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9/27/2010

9/27/2010 Psyc100, Chapter 4, Lecture 1  Classical Conditioning  Operant Conditioning  Different Perspectives of

Psyc100, Chapter 4, Lecture 1

9/27/2010 Psyc100, Chapter 4, Lecture 1  Classical Conditioning  Operant Conditioning  Different Perspectives of
9/27/2010 Psyc100, Chapter 4, Lecture 1  Classical Conditioning  Operant Conditioning  Different Perspectives of
9/27/2010 Psyc100, Chapter 4, Lecture 1  Classical Conditioning  Operant Conditioning  Different Perspectives of
  • Classical Conditioning

  • Operant Conditioning

  • Different Perspectives of learning Behavioural Cognitive Ethological perspective

9/27/2010 Psyc100, Chapter 4, Lecture 1  Classical Conditioning  Operant Conditioning  Different Perspectives of
9/27/2010 Psyc100, Chapter 4, Lecture 1  Classical Conditioning  Operant Conditioning  Different Perspectives of
  • Learning - any process through which experience at one time can alter an individual’s behavior at a future time E.g. Habituation A reduction in response to a stimulus after repeated presentations e.g. startle response

9/27/2010 Psyc100, Chapter 4, Lecture 1  Classical Conditioning  Operant Conditioning  Different Perspectives of
9/27/2010 Psyc100, Chapter 4, Lecture 1  Classical Conditioning  Operant Conditioning  Different Perspectives of
  • The attempt to understand observable activity in terms of observable stimuli and observable responses

  • John B. Watson (1913)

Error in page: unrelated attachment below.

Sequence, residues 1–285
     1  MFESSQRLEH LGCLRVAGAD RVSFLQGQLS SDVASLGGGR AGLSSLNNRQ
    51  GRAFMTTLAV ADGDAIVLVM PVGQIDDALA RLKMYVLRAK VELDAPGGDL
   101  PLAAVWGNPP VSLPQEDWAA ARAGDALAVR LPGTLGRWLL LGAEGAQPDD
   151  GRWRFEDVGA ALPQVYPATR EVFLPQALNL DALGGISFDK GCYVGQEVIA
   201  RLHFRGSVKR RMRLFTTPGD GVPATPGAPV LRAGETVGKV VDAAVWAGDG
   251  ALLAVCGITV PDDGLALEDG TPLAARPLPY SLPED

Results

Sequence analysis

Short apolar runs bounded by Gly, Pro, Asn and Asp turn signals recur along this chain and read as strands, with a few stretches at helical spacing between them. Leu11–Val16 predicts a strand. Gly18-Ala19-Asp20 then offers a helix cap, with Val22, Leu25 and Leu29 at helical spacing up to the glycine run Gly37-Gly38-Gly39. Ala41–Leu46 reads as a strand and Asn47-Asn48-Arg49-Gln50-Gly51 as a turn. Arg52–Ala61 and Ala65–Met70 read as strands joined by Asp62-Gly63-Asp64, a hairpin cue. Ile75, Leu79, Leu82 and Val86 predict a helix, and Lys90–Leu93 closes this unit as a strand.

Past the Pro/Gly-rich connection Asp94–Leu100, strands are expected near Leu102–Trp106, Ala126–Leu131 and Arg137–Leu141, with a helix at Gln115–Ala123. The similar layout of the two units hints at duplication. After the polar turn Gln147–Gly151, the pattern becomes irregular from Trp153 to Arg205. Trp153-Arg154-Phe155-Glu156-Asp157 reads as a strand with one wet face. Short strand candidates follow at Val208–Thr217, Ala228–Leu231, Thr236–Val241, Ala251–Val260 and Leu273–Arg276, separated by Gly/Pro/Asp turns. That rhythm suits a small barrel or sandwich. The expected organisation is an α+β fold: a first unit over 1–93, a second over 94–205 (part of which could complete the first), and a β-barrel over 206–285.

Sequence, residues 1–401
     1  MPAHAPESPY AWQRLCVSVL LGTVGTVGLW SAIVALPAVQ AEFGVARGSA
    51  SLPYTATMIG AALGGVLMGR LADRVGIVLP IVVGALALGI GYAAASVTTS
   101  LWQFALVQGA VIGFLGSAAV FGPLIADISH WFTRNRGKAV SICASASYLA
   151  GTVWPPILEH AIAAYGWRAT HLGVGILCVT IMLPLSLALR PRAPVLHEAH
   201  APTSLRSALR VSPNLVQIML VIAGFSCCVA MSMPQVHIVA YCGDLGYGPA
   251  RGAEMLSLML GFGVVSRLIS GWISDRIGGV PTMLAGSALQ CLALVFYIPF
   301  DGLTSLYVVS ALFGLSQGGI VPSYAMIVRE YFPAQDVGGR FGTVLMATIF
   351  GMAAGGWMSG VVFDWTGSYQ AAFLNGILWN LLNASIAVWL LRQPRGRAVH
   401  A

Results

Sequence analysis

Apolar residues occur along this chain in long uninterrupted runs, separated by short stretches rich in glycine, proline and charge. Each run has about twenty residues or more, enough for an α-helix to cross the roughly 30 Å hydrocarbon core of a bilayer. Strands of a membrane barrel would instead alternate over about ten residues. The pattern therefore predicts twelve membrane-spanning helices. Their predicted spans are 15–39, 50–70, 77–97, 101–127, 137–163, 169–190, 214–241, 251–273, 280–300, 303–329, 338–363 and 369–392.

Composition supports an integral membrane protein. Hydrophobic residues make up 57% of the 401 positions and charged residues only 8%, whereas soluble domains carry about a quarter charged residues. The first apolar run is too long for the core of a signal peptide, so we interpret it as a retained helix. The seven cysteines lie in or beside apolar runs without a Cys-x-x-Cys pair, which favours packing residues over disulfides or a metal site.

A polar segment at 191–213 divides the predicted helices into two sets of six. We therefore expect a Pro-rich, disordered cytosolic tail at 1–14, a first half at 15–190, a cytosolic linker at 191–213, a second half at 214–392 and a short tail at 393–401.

“Give me a dozen healthy infants and my own specified world to bring them up in and I’ll

guarantee to take any one at random and produce

teachers, lawyers …”

  • B.F. Skinner (1938)

9/27/2010 Psyc100, Chapter 4, Lecture 1  Classical Conditioning  Operant Conditioning  Different Perspectives of
9/27/2010 Psyc100, Chapter 4, Lecture 1  Classical Conditioning  Operant Conditioning  Different Perspectives of
  • Training procedure

  • Neutral stimulus elicits reflexive response through being paired with another stimulus that already elicits this reflexive response

9/27/2010 Psyc100, Chapter 4, Lecture 1  Classical Conditioning  Operant Conditioning  Different Perspectives of
  • Reflex = Stimulus-response sequence mediated by CNS

  • Stimulus Response = action that automatically follows an event

9/27/2010 Psyc100, Chapter 4, Lecture 1  Classical Conditioning  Operant Conditioning  Different Perspectives of
9/27/2010 Psyc100, Chapter 4, Lecture 1  Classical Conditioning  Operant Conditioning  Different Perspectives of
will NEUTRAL STIMULUS (Bell) elicit will UNCONDITIONED STIMULUS (Food) elicit a UNCONDITIONED STIMULUS (Food) will elicit
will
NEUTRAL STIMULUS (Bell)
elicit
will
UNCONDITIONED STIMULUS (Food)
elicit a
UNCONDITIONED STIMULUS (Food)
will
elicit a
NEUTRAL STIMULUS (Bell)
will
CONDITIONED STIMULUS (Bell)
CONDITIONED STIMULUS
elicit a
9/27/2010 Psyc100, Chapter 4, Lecture 1  Classical Conditioning  Operant Conditioning  Different Perspectives of

NO REACTION

REFLEX ACTION

 

REFLEX ACTION

 

CONDITIONED

RESPONSE

9/27/2010

Does not normally elicit a response or reflex action by itself Neutral A bell ringing A
Does not normally elicit a
response or reflex action by itself
Neutral
A bell ringing
A color
A furry object
stimulus
Unconditioned
Stimulus
Always elicits a reflex action: an
unconditioned response
Food
Blast of air
Noise
Unconditioned
A response to an unconditioned
stimulus--naturally occurring
Salivation at smell
of food
Response
Eye blinks at blast
of air
Startle reaction in
babies
Conditioned
Stimulus
The stimulus that was originally
neutral becomes conditioned after
it has been paired with the
unconditioned stimulus
Will eventually elicit
the unconditioned
response by itself